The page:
TWO TO TANGO

In the sec­ond in a se­ries of multi-day off-road ad­ven­tures, Adrian Miles ramps up the dif­fi­culty with two days in Wales’ Cam­brian Moun­tains

Cycling Plus - - BIKE TEST - WORDS Adrian Miles PHO­TOG­RA­PHY Joseph Branston

We were, in short or­der, cat­a­pulted from all ves­tiges of civil­i­sa­tion into wilder­ness

There was only one thing for it. The shoes were com­ing off. I’d been heav­ing my bike on foot as long as it takes to do an FTP test on my road bike, and at least twice as de­mor­al­is­ing. The day had been a long one and stiff-soled cy­cling shoes were about as use­ful as a 10kg weight strapped around my waist.

Ear­lier that day, there had been prom­ise aplenty. We were in mid-Wales, amid weather that wasn’t quite the mini-heat­wave beat­ing down on parts of the coun­try. And that was just fine by us. The route we had planned was a chal­lenge enough with­out oner­ous heat to han­dle, so were grate­ful for the hand we were dealt.

Af­ter last is­sue’s in­tro­duc­tion to gravel cy­cling, part two of Ko­moot Ad­ven­tures saw us ramp­ing up the dif­fi­culty, test­ing out how far our Bomb­track bikes – and, for me at least, newly­ac­quired skills – could take us. We’d also be ven­tur­ing fur­ther from our homes in south west Eng­land to some­where com­pletely new. Last is­sue’s ride was mainly road with some gravel thrown in – this month we’d flip that on its head.

I was keen to use the skills I’d learned in a de­mand­ing off-road en­vi­ron­ment. We’d un­ques­tion­ably find that with the Tran­sCam­brian Way. Snaking across mid-Wales from the English bor­der to the coast in a most in­di­rect 175 kilo­me­tres, the route is, nom­i­nally, one made for moun­tain bikes, but on an ap­pro­pri­ate gravel bike (wide, big tread tyres/pos­si­bly some sort of sus­pen­sion) you’ll still feel, if not quite at home, then cer­tainly in a neat, well-pro­vi­sioned Airbnb. To do the whole Trans-Cam­brian route would have been stretch­ing the con­cept of gravel rid­ing, so for our two-day loop we’d make it an in­te­gral fea­ture, while also in­clud­ing part of the largely tar­mac Na­tional Cy­cle Net­work Route 8, which runs from top to bot­tom through Wales, from An­gle­sey to Cardiff.

Water world

To in­clude both we’d start and fin­ish in the mar­ket town of Rhayader, close to the Elan Val­ley’s col­lec­tion of hu­mon­gous reser­voirs and dams, which sup­ply Birm­ing­ham with its water. It’s amaz­ing how some­thing with such an in­dus­trial func­tion can also dou­ble up as stun­ning scenery. Like last time, I was joined by Rob Mar­shall, Ko­moot’s me­dia man­ager, and Joe Branston, in­trepid pho­tog­ra­pher, who would once again at­tempt to ride the en­tire 154km route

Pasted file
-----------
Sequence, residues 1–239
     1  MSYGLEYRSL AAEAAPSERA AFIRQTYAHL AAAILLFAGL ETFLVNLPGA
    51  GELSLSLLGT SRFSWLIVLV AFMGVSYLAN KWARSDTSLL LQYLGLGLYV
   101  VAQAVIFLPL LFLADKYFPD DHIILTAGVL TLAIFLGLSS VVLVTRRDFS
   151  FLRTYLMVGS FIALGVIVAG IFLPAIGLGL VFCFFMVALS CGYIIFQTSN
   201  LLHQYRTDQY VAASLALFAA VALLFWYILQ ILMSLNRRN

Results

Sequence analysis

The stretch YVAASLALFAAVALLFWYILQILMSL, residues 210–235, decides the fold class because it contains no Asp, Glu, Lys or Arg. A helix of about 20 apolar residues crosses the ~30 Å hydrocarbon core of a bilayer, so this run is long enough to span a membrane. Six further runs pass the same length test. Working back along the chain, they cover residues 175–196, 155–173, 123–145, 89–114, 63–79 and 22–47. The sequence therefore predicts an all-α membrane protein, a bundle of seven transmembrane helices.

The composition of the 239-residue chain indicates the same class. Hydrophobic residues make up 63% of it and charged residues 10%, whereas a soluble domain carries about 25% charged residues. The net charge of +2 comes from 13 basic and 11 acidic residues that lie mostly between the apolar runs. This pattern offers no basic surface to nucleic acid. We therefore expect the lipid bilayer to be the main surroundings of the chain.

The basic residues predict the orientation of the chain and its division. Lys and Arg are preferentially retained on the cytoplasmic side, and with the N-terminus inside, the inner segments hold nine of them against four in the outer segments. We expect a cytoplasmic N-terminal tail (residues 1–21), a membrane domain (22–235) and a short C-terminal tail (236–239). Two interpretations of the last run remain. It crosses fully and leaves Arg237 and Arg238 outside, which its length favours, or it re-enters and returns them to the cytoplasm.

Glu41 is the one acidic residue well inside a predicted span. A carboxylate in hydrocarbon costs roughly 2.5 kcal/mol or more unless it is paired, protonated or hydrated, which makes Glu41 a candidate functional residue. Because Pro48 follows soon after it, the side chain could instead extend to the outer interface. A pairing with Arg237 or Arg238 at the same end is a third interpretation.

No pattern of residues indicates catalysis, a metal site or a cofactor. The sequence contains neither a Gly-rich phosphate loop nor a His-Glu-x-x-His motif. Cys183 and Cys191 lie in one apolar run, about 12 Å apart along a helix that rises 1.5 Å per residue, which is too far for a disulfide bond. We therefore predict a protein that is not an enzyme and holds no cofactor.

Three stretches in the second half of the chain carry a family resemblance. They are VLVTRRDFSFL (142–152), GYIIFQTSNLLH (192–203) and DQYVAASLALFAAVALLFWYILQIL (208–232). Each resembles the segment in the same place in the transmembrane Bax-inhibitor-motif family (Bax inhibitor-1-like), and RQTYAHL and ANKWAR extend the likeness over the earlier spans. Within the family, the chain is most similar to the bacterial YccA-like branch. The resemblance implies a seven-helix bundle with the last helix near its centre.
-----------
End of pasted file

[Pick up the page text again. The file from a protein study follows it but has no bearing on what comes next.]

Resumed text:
with a pos­ture-com­pro­mis­ing cam­era bag on his back. I can only con­clude that he has a spine made of steel.

Af­ter a cof­fee in the Ca­ban-coch reser­voir’s vis­i­tor cen­tre we were, in short or­der, cat­a­pulted from all ves­tiges of civil­i­sa­tion into Welsh wilder­ness, with very few vil­lages left on the route un­til we re­turned the fol­low­ing evening. We were car­ry­ing ev­ery­thing we’d need, though a fur­ther cof­fee or two fur­ther down the track wouldn’t have gone amiss. That said, un­like last is­sue’s ad­ven­ture, there’d be no wild camp­ing this time around, no brav­ing it in the two bothy shel­ters on our route – we’d booked in to a warm, dry pub for our night on the road. It would prove a sage de­ci­sion soon enough.

The step-up in dif­fi­culty from last is­sue was im­me­di­ately ap­par­ent, with progress achingly slow. Ter­rain was al­ways var­ied, with reg­u­lar river cross­ings and hike-a-bike sec­tions keep­ing us hon­est. If I was here to seek out my lim­its, I had failed, for at times, I was well be­yond them! I’d say I was a fish out of water, but for it be­ing a phrase that struck too close to home, given all the rivers we’d had to wade through.

Rocks of all sizes were strewn across the trail, killing any speed we built up. It was no has­sle for Rob, who brought with him a back­ground in moun­tain-bike rac­ing and, in­deed, ex­pe­ri­ence in all things two-wheeled. Joe and I on the other hand… Rob man­aged to not put a foot down, whereas we must have looked, to any passers by, as though we were out tak­ing our bikes for a walk. But watch­ing him seemed to rub off on us, and over the fol­low­ing hours of day one, our con­fi­dence showed signs of green shoots, our bound­aries and knowl­edge for this type of rid­ing felt like it was ex­pand­ing.

A cross­ing to bear

It doesn’t take too long be­fore you start to re­alise what you can cross on your bike – and what you can’t. Small streams can be tack­led with a de­cent amount of speed, pro­vid­ing you stick to your line, but faster-flow­ing rivers de­mand fur­ther in­spec­tion be­fore you com­mit to any­thing rash. I’ve fallen foul of ford cross­ings on my road bike be­fore, so need­less to say that walk­ing is now my first op­tion, even if the­o­ret­i­cally my gravel bike would make light work of it. Rob would al­most al­ways try to pedal across a river, but hav­ing watched even some­one like him, with bags of knowl­edge and ex­pe­ri­ence, slip and slide over treach­er­ous rocks, then walk­ing, de­spite all the ob­vi­ous down­sides, was still my pre­ferred op­tion. For me, at least, it’s a toss-up be­tween a guar­an­teed soak­ing of your feet or a pos­si­ble whole body dunk­ing.